The recipe was created by Mr. Jacob Fredrik Ljunglöf (1796 – 1860) as the factory's premium quality and has not been changed since 1822. Common practice was to refer to the premium quality as No. 1., (there was also a No. 2, less premium quality). In the Swedish language, "Ettan" can be translated into an everyday way of saying "the first".
Early development of the company
In 1811, at the age of 14, Jacob Fredrik Ljunglöf started working at a large tobacco factory. In 1821 he took over the same factory, starting to produce snus under his own name. One year later, in 1822 he created the recipe for Ettan. In 1839 Jacob Fredrik Ljunglöf bought the former brewery site on Luntmakargatan 19 in central Stockholm, for the amount of 38,500 Riksdaler Banco and converted it into a snus factory.
In the early 19th century, tobacco was typically fermented at elevated temperatures for up to six months, before becoming snus.
Jacob Ljunglöf had a theory: If the tobacco could be used fresh, it would enhance the flavour. He therefore approached his friend, the world-renowned chemist and scientist, Jacob Berzelius, and asked him for assistance. Together, they invented a new way of producing snus with tobacco, salt water and potash. Rather than taking months to prepare, a batch of snus could now be made in a week. Since then, this has been the predominant method for manufacturing Swedish snus. Realising the value of the new production method, Jacob Fredrik Ljunglöf kept it a secret, writing the formula in a code-format.
The recipe itself is heavily relying on the quality of the ingredients as it consists of only premium tobacco, salt and water.
Knut Ljunglöf, son of Jacob, takes over
When Jacob Fredrik Ljunglöf died in 1860, he was one of Sweden's wealthiest men, as being both the co-inventor of the new production method and the man behind the recipe "Ljunglöf's No. 1", (now Ettan). His son, Knut Ljunglöf (1833 – 1920), then developed the brand and the factory into an even more successful business. Knut Ljunglöf, commonly known as "Snus-kungen", the snus king, was known to test the quality of his products by having a silver bowl of fresh snus placed on his desk every morning. He then put a spoon of the snus under his nose and, with eyes closed, inhaled. This way he detected the moisture level and quality of the tobacco. If approved, the snus could be packed and sold. If not, the entire batch was cancelled.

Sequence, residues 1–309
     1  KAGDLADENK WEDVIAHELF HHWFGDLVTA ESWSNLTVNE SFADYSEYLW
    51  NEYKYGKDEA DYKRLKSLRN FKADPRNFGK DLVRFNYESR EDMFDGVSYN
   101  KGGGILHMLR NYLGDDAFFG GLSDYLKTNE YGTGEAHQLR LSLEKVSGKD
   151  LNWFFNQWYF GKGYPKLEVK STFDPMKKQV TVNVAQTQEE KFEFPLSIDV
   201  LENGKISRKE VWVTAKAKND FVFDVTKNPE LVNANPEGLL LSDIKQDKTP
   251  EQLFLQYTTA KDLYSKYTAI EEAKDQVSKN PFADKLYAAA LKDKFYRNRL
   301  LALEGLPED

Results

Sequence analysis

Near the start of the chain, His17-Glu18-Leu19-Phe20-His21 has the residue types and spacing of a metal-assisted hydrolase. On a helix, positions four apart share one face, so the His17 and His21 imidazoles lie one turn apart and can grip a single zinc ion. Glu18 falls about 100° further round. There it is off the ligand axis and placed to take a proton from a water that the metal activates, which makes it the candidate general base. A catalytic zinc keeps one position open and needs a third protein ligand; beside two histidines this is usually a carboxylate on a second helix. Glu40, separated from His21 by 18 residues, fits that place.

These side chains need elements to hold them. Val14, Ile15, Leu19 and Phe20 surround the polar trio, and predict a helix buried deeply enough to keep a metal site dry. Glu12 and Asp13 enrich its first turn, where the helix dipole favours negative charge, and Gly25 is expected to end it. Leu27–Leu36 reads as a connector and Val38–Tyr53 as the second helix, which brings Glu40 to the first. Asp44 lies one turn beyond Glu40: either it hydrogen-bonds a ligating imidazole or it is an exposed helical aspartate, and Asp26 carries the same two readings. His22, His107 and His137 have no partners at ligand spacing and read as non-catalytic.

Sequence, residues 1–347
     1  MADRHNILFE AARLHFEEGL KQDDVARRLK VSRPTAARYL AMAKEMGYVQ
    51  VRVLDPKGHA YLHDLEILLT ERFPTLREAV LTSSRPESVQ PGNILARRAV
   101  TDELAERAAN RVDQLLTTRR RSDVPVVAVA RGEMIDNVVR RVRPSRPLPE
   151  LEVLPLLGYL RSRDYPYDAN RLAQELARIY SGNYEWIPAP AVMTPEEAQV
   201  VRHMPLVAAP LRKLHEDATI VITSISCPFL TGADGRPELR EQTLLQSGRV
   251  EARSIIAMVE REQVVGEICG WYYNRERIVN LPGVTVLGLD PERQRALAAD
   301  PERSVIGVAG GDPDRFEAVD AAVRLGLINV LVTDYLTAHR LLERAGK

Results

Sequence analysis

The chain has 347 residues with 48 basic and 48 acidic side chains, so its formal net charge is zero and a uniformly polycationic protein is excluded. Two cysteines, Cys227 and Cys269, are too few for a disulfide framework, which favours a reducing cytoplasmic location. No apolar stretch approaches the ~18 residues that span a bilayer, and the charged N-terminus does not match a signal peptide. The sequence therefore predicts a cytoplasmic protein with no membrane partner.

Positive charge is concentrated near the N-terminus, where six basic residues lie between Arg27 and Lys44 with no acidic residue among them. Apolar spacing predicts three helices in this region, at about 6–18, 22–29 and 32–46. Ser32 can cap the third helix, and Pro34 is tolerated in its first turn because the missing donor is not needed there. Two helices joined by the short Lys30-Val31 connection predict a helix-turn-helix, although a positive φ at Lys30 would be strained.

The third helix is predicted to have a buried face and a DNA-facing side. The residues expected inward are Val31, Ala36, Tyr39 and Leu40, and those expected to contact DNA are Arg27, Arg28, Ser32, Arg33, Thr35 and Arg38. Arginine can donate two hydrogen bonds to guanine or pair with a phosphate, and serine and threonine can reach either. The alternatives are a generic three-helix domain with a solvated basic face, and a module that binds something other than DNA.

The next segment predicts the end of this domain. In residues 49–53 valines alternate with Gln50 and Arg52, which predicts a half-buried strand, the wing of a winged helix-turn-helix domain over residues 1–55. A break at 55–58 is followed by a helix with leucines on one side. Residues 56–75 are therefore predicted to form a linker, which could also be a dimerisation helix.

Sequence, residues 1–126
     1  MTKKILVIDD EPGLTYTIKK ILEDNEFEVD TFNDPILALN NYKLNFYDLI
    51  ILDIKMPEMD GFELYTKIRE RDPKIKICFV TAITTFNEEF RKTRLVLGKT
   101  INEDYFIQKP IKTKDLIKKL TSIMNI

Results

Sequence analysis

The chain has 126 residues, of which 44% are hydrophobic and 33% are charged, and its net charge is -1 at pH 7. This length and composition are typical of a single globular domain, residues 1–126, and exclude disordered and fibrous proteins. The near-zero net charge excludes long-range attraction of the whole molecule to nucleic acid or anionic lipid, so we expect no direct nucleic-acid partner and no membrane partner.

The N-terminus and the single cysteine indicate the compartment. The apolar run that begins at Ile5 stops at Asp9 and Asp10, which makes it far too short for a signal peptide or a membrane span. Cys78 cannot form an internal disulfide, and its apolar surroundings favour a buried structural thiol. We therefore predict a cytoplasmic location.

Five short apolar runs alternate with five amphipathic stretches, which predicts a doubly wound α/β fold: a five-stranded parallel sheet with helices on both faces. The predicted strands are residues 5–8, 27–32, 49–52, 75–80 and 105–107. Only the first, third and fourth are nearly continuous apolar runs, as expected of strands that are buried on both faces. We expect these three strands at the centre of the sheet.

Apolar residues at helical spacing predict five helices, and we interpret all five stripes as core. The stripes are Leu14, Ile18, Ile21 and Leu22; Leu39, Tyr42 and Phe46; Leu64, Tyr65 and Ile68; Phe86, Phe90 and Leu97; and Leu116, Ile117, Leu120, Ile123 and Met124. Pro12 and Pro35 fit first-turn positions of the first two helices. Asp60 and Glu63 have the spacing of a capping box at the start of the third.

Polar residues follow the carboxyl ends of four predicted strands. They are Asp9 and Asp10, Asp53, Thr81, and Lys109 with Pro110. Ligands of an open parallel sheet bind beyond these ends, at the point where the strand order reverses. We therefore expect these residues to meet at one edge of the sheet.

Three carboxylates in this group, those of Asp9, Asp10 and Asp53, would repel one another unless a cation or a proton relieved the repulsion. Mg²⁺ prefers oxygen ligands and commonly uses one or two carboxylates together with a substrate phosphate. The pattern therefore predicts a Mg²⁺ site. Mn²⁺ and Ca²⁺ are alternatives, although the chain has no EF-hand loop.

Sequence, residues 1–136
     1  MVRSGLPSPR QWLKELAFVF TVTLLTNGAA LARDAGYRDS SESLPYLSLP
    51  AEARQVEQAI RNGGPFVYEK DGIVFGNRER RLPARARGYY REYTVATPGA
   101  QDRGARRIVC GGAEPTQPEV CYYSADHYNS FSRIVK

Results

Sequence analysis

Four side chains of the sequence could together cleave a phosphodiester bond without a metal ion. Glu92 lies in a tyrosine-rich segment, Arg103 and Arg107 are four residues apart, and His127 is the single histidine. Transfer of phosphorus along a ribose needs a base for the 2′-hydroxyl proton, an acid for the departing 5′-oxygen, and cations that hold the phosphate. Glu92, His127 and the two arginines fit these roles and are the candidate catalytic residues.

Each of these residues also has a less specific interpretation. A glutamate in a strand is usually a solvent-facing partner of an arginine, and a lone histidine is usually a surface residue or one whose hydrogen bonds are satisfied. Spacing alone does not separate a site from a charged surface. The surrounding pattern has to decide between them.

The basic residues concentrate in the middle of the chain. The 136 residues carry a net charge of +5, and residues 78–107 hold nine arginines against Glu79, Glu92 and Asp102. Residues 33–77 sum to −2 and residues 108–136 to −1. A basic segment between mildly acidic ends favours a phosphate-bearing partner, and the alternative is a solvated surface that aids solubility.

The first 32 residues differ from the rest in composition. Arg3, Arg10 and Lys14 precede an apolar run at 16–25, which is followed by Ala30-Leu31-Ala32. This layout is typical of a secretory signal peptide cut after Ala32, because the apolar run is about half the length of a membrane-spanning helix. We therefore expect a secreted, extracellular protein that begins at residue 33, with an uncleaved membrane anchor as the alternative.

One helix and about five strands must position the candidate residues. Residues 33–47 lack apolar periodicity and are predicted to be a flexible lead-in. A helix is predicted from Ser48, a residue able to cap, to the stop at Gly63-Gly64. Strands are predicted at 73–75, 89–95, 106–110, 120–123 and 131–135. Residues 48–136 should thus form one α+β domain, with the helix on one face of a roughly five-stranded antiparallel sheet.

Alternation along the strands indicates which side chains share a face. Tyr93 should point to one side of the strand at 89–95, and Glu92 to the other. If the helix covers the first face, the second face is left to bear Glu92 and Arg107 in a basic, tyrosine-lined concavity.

Knut Ljunglöf's personal life
Knut Ljunglöf was highly successful in developing the company into Europe's largest smokeless tobacco producer. At his death he left one of the greatest fortunes in Sweden; 16 million kronor. Knut Ljunglöf also left a large estate north of Stockholm, commonly known as "the Ljunglöf castle" due to its palace-like exterior.
The fact that the tobacco factories in Sweden were taken over by the Swedish state in 1915, made Knut Ljunglöf a bitter man. In 1920, five years after the monopolization, he died at the age of 87.
Knut Ljunglöf was engaged in the decision that formed the city of Stockholm and during a number of years he was a member of the city council. In his obituary it was written that he was "a good and noble man. Slightly harsh on the outside, he was a warm and compassionate man who cared for the people in need and those who suffered. Without speaking much about it publicly, he was involved in many charities."
Today Ettan is sold in 3 qualities:
- Ettan Lös - Loose snus, 42g per can 7,5mg/g (0,75%)
- Ettan Original Portion - 24g per can, 24 portions in can at 1,0g per portion 8.5mg/g (0,85%)
- Ettan Vit - White portion, 21,6g per can, 24 portions weighing at 0,9g per portion 8mg/g (0,8%)
- Industrihistoria i Stockholms Län (Stockholm's Industrial History, author: Leif Kalén) http://www2.ablm.se/industri/industri2c.cfm?in_idnr=ind04 Archived 2012-03-31 at the Wayback Machine
- Snuskungen – Ljunglöfs Ettan och det svenska snuset, page 22-23 (© 1999, Tobaksmuseet – The Swedish Tobacco Museum, ISBN 91-630-8538-0
- Snuskungen – Ljunglöfs Ettan och det svenska snuset, page 13 (© 1999, Tobaksmuseet – The Swedish Tobacco Museum, ISBN 91-630-8538-0)
- "Swedish Match - History of snus". www.swedishmatch.com. 4 April 2016. Retrieved 16 April 2021.